Shared E-Bikes Rolling Into Downtown Soon, KC Among Nation’s First

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(Left) Eric Vaughan and Eric Rogers of WalkBikeKC with one of the new e-bikes scheduled to roll out in downtown by Christmas.

By Kevin Collison

E-bikes are scheduled to begin rolling into greater downtown by Christmas, making Kansas City one of only a handful of North American communities to adopt the latest in “first and last mile” shared transportation technology.

“E-bikes are really new, especially for shared use, and Kansas City is in the forefront of this,” said Eric Vaughan business director of BikeWalkKC.

“You’ll see more and more cities adopting electric bikes.”

The easy-to-use bikes feature a 300 watt battery-powered motor that helps boost cyclists up steep inclines and over longer distances. They have a range of up to 30 miles and top speed of 20 mph.

Eric Rogers, the executive director of BikeWalkKC, said they’re a perfect complement to the B-Cycle program his organization has run since 2012. B-Cycle features conventional bicycles at docking stations throughout the city.

“One thing we found in Kansas City is the terrain is pretty hilly,” Rogers said.

“If you want to go from the Power & Light District to the Plaza, there are some big hills. The terrain is a barrier for anybody.”

The e-bike responds to the pedaling of its riders, providing an assist when needed. It only operates when you’re pedaling and riders slow or stop using the same hand brakes as a conventional bicycle.

“They’re built for riders of all shapes, sizes and skill levels,” Vaughn said. “You just adjust the seat level.”

The e-bikes being introduced in Kansas City are operated by Drop Mobility of Toronto. The first 40 are due to be delivered by Christmas and will be located in the greater downtown area at existing B-Cycle stations.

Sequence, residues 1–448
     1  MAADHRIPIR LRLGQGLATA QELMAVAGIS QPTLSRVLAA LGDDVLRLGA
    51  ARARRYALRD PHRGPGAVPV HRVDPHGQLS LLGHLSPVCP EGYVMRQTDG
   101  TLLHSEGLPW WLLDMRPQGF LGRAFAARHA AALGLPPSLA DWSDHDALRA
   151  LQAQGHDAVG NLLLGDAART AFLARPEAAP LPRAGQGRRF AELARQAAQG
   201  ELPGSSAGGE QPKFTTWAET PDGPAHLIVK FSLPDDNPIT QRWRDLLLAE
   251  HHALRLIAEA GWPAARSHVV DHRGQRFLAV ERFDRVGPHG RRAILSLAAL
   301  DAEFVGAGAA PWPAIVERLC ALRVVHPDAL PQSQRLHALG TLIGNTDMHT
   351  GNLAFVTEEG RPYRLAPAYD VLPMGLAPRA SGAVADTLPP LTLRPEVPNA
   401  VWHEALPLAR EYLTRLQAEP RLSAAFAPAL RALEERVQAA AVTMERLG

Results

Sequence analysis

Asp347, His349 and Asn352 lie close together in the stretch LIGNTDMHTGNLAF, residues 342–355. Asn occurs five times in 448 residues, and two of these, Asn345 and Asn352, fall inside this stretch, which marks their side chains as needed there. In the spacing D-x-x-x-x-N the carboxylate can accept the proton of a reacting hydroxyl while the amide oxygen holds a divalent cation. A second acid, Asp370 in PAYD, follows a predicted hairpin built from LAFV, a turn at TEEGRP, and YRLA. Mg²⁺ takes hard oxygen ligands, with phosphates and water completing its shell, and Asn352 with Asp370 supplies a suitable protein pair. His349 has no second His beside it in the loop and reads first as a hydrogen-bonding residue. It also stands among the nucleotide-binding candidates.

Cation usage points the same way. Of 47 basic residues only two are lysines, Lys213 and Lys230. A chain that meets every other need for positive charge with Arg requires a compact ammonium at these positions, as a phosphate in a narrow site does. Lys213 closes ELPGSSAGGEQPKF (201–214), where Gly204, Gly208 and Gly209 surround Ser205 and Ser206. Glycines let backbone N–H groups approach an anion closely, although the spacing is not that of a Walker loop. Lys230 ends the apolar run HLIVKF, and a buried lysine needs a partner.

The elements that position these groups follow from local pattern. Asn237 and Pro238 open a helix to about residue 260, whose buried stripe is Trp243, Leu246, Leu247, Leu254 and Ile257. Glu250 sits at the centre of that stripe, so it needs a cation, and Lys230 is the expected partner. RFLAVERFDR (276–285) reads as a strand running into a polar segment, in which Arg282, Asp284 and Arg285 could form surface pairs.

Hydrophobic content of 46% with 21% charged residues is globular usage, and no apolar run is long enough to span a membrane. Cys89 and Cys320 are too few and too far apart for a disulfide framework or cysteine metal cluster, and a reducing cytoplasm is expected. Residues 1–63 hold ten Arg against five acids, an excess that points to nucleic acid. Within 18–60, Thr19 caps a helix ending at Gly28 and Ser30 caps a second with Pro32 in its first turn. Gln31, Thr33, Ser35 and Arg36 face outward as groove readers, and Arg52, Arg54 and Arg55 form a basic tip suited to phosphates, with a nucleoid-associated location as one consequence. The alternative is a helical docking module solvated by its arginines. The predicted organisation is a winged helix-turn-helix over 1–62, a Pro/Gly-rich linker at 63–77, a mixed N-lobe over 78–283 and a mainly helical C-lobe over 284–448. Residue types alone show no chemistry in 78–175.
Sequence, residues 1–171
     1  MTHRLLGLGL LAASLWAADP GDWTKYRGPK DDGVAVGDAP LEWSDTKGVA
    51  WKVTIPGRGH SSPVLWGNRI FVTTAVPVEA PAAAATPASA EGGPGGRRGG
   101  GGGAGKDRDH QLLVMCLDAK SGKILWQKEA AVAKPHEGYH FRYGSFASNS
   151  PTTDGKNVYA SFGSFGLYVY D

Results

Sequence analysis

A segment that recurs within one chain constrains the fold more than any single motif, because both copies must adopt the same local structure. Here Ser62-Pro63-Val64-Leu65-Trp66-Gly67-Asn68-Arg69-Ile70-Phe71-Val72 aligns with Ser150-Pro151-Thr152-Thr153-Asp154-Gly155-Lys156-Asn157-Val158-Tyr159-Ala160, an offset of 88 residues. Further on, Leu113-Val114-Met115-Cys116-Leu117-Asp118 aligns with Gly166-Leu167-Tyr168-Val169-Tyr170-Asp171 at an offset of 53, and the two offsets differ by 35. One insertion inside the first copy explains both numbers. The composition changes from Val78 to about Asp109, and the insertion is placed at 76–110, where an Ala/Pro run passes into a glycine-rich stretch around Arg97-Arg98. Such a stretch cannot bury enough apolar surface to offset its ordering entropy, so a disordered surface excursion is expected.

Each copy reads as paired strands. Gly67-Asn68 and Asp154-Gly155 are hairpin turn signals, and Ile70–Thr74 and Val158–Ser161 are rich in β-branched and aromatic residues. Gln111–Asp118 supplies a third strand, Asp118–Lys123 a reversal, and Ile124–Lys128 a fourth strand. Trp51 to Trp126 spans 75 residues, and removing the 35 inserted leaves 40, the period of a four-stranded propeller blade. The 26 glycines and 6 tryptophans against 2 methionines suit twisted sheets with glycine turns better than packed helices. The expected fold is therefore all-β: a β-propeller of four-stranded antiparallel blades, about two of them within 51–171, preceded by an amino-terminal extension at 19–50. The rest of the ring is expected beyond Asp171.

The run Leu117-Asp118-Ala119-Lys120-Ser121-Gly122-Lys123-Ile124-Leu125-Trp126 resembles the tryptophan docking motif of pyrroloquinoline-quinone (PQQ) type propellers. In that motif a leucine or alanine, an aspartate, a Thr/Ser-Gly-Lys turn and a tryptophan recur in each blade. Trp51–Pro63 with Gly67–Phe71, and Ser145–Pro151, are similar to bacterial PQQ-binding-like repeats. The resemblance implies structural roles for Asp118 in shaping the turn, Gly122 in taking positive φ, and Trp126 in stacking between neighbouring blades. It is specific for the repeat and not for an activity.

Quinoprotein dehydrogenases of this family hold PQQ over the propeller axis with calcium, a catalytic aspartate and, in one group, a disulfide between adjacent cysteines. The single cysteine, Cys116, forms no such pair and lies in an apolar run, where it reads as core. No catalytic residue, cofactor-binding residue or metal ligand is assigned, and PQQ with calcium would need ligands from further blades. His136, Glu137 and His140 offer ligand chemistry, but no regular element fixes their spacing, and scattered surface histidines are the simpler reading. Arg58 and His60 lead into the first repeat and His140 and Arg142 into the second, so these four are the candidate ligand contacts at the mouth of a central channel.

A total of 150 ultimately will be deployed by March. As opposed to electric scooters, e-bikes should be checked out and returned to designated areas. Riders are charged extra if they park their e-bikes away from those specified locations.

To use an e-bike, a rider must download the app from Drop Mobility. The user then scans the QR code to unlock the bike. After returning it to a designated location the rider than locks the bike with its supplied cable and submits a photo to end the trip.

While a final cost for using the e-bikes hasn’t been determined, the current estimate is $2 for the first 20 minutes and 10 cents per minute after. B-Cycle members are expected to receive credits toward rental, an annual membership is $65.

The e-bikes also differ from scooters because they’ll be available 24/7. Each features a light, bell and kickstand. When a battery runs down, it can be swapped out quickly by a technician.

Rogers said this is Drop Mobility’s first e-bike program anywhere and it chose Kansas City in part because of the cooperation between BikeWalkKC and RideKC, the metropolitan bus system run by the KC Area Transportation Authority.

The closest city to Kansas City to have an e-bike sharing program is Cincinnati. Other cities with the program are Washington D.C., New York City, Austin, Birmingham and Los Angeles.

BikeWalkKC anticipated about a third of the e-bike users will be bus passengers using them for first and last mile travel. The next largest group are expected to be visitors to the city with the remainder being downtown residents.

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